# Tangrams (investigating fractions) Stage 2

A thinking mathematically targeted teaching opportunity, focused on creating and finding the fractional value of rectangles made from tangram pieces.

## Syllabus

Syllabus outcomes and content descriptors from Mathematics K–10 Syllabus (2022) © NSW Education Standards Authority (NESA) for and on behalf of the Crown in right of the State of New South Wales, 2024.

## Outcomes

- MAO-WM-01
- MA2-2DS-01
- MA2-2DS-02

## Collect resources

You will need:

- pencils or markers
- your mathematics workbook
- your tangram pieces (how to make a tangram).

## Tangrams 2 part 1

Watch Tangrams 2 part 1 video (1:18) to start exploring fractions with tangrams.

[White text on a navy-blue background reads ‘Tangrams 2 – part 1’. On the right, a blue half circle at the top and a red half circle at the bottom. In the middle bottom, a line of red dots forms another half circle. In the bottom left corner, a white NSW Government ‘waratah’ logo.]

[On a white desk, a sheet of pale blue paper on the left has green paper cut-out shapes spread across it. There are 5 triangles of various sizes, a square and a parallelogram. On the right, a pen sits on the lined page of a notebook folded back on itself.]

### Female speaker

Alright mathematicians, welcome back. I started thinking about we could now do a bit of a challenge to play around with making special kinds of rectangles.

[The speaker arranges the square and 2 of the smaller triangles to form a rectangle.]

### Female speaker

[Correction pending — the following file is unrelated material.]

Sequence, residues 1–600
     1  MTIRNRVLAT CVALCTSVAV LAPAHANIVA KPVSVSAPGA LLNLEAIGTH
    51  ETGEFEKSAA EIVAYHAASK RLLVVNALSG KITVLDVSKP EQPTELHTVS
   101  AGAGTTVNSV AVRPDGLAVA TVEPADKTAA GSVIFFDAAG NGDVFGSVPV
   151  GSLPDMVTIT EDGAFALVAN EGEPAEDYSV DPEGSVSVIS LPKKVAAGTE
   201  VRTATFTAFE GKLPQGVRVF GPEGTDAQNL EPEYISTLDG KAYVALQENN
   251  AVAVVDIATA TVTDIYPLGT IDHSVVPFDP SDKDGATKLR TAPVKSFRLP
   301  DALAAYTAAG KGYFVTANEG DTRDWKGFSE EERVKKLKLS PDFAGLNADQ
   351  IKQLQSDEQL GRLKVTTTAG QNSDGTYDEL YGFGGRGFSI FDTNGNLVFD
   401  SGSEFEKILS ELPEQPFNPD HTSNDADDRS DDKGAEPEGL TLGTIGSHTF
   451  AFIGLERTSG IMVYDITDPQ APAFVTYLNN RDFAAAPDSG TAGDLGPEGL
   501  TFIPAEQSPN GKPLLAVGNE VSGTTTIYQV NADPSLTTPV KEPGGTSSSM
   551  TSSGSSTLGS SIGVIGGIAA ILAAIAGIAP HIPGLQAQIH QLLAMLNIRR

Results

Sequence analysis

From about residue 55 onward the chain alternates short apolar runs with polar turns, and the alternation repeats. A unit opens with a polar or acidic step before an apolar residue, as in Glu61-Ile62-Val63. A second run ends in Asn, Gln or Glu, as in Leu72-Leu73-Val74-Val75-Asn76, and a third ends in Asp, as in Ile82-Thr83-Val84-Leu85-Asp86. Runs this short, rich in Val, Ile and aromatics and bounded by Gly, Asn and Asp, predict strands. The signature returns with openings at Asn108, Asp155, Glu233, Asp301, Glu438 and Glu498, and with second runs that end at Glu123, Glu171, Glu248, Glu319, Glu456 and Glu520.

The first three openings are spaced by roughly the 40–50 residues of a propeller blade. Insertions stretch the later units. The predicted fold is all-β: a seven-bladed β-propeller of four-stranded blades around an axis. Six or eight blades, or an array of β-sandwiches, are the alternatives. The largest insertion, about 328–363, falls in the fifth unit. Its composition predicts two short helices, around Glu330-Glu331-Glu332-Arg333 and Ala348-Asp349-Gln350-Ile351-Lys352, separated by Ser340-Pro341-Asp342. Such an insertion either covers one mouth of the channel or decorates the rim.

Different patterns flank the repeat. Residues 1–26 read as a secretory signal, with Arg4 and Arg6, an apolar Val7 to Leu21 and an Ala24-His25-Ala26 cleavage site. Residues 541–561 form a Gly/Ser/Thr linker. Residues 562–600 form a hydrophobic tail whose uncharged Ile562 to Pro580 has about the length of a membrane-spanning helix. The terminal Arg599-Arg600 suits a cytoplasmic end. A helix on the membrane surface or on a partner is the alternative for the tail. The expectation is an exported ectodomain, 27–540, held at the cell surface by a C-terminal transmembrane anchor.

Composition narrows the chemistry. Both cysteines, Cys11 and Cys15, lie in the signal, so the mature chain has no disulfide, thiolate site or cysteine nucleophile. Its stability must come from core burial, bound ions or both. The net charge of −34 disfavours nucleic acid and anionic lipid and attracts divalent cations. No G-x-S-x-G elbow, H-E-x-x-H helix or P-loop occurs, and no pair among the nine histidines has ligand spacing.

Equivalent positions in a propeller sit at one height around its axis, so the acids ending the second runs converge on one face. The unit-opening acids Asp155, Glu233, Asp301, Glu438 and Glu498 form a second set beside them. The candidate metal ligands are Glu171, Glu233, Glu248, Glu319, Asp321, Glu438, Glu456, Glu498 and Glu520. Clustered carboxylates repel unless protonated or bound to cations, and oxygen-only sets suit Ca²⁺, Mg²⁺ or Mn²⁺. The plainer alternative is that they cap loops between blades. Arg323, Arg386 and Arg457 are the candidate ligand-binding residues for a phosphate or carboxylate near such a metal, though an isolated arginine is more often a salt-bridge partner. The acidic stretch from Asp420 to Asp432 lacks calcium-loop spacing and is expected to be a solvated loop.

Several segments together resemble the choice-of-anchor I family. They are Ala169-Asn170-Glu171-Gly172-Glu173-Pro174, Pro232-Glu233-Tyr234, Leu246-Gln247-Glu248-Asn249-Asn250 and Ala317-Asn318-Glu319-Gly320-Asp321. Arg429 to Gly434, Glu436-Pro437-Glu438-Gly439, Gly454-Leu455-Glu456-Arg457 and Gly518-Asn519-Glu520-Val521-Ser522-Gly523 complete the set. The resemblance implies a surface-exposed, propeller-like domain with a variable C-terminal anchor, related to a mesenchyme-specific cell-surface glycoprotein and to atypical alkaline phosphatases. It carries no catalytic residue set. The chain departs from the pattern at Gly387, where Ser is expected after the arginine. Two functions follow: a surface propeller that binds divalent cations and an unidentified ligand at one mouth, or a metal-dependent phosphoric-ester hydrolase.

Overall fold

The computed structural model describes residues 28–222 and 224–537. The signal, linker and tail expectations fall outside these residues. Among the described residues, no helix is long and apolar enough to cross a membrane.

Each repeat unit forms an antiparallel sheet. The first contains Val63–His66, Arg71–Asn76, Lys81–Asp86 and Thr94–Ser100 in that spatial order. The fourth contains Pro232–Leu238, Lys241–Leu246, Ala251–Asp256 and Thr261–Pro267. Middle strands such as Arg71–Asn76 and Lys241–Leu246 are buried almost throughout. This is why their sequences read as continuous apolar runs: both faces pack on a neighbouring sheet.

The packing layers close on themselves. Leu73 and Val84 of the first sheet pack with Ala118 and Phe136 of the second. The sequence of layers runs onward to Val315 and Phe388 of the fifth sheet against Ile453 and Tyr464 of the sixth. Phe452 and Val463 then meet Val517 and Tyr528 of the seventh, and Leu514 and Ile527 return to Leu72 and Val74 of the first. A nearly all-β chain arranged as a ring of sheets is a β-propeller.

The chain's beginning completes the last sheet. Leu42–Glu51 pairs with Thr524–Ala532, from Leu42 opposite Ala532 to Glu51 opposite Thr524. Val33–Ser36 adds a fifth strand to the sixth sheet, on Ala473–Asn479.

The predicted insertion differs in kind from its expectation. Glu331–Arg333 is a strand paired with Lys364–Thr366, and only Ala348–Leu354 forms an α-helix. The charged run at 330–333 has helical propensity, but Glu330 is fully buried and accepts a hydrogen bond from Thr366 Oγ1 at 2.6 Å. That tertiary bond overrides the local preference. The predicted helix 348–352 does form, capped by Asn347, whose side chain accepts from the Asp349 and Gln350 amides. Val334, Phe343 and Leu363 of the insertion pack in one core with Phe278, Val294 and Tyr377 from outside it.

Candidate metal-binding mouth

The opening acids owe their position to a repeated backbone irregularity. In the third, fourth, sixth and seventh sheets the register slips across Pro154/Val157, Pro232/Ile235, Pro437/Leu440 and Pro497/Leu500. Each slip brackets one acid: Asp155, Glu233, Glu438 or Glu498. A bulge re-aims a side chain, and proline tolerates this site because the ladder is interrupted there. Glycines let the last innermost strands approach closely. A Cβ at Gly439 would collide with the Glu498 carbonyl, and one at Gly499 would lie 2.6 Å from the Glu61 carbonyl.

But as I started playing with this, it got me thinking about something else. So, the first thing I do wanna do is think about what are some rectangles that I could make that are actually the same size as this one, using some, or all if I wanted, of my tangram pieces.

[The speaker uses the pen to draw the shapes on the blank notebook page.]

### Female speaker

So this one I have the square, and I have 2 triangles that are formed into the same size of the square, look, because if I cover that up, you can see they’re forming the same area. So what I wondered is what other rectangles can I make of exactly those same dimensions using just my tangram pieces? Over to you for a minute, mathematicians. And then, of course, record your thinking. OK.

[White text on a blue background reads ‘Over to you!’.]

[The NSW Government waratah logo turns briefly in the middle of various circles coloured blue, red, white and black. A copyright symbol and small blue text below it reads ‘State of New South Wales (Department of Education), 2021.’]

[End of transcript]

## Instructions

- What other rectangles can you make of exactly the same dimensions?
- Record your thinking in your workbook.

## Tangrams 2 part 2

When you're ready, watch Tangrams 2 part 2 video (2:49).

[White text on a navy-blue background reads ‘Tangrams 2 – part 2’. On the right, a blue half circle at the top and a red half circle at the bottom. In the middle bottom, a line of red dots forms another half circle. In the bottom left corner, a white NSW Government ‘waratah’ logo.]

[On a white desk, a sheet of pale blue paper on the left has green paper cut-out shapes spread across it. There are 5 triangles of various sizes, a square and a parallelogram. The square and 2 of the small triangles form a rectangle. On the right, a pen sits on the lined page of a notebook folded back on itself. It has a hand drawn square alongside 2 small triangles that form the rectangle on it.]

### Female speaker